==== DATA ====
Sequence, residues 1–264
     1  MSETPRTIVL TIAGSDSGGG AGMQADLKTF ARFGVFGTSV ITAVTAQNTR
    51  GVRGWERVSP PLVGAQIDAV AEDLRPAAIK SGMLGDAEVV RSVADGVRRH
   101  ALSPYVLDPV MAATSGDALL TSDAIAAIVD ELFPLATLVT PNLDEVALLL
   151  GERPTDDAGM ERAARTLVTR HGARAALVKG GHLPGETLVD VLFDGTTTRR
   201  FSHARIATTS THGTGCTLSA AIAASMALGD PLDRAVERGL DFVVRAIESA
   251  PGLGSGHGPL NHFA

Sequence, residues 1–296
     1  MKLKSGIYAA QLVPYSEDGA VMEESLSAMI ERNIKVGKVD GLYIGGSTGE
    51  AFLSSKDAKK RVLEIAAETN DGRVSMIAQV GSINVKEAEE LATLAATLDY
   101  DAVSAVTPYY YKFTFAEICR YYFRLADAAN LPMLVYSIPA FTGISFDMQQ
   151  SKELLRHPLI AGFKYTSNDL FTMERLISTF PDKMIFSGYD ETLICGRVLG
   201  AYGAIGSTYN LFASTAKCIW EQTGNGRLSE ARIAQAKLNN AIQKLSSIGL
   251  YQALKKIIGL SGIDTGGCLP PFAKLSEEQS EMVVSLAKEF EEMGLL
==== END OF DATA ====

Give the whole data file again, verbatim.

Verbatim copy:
Sequence, residues 1–264
     1  MSETPRTIVL TIAGSDSGGG AGMQADLKTF ARFGVFGTSV ITAVTAQNTR
    51  GVRGWERVSP PLVGAQIDAV AEDLRPAAIK SGMLGDAEVV RSVADGVRRH
   101  ALSPYVLDPV MAATSGDALL TSDAIAAIVD ELFPLATLVT PNLDEVALLL
   151  GERPTDDAGM ERAARTLVTR HGARAALVKG GHLPGETLVD VLFDGTTTRR
   201  FSHARIATTS THGTGCTLSA AIAASMALGD PLDRAVERGL DFVVRAIESA
   251  PGLGSGHGPL NHFA

Sequence, residues 1–296
     1  MKLKSGIYAA QLVPYSEDGA VMEESLSAMI ERNIKVGKVD GLYIGGSTGE
    51  AFLSSKDAKK RVLEIAAETN DGRVSMIAQV GSINVKEAEE LATLAATLDY
   101  DAVSAVTPYY YKFTFAEICR YYFRLADAAN LPMLVYSIPA FTGISFDMQQ
   151  SKELLRHPLI AGFKYTSNDL FTMERLISTF PDKMIFSGYD ETLICGRVLG
   201  AYGAIGSTYN LFASTAKCIW EQTGNGRLSE ARIAQAKLNN AIQKLSSIGL
   251  YQALKKIIGL SGIDTGGCLP PFAKLSEEQS EMVVSLAKEF EEMGLL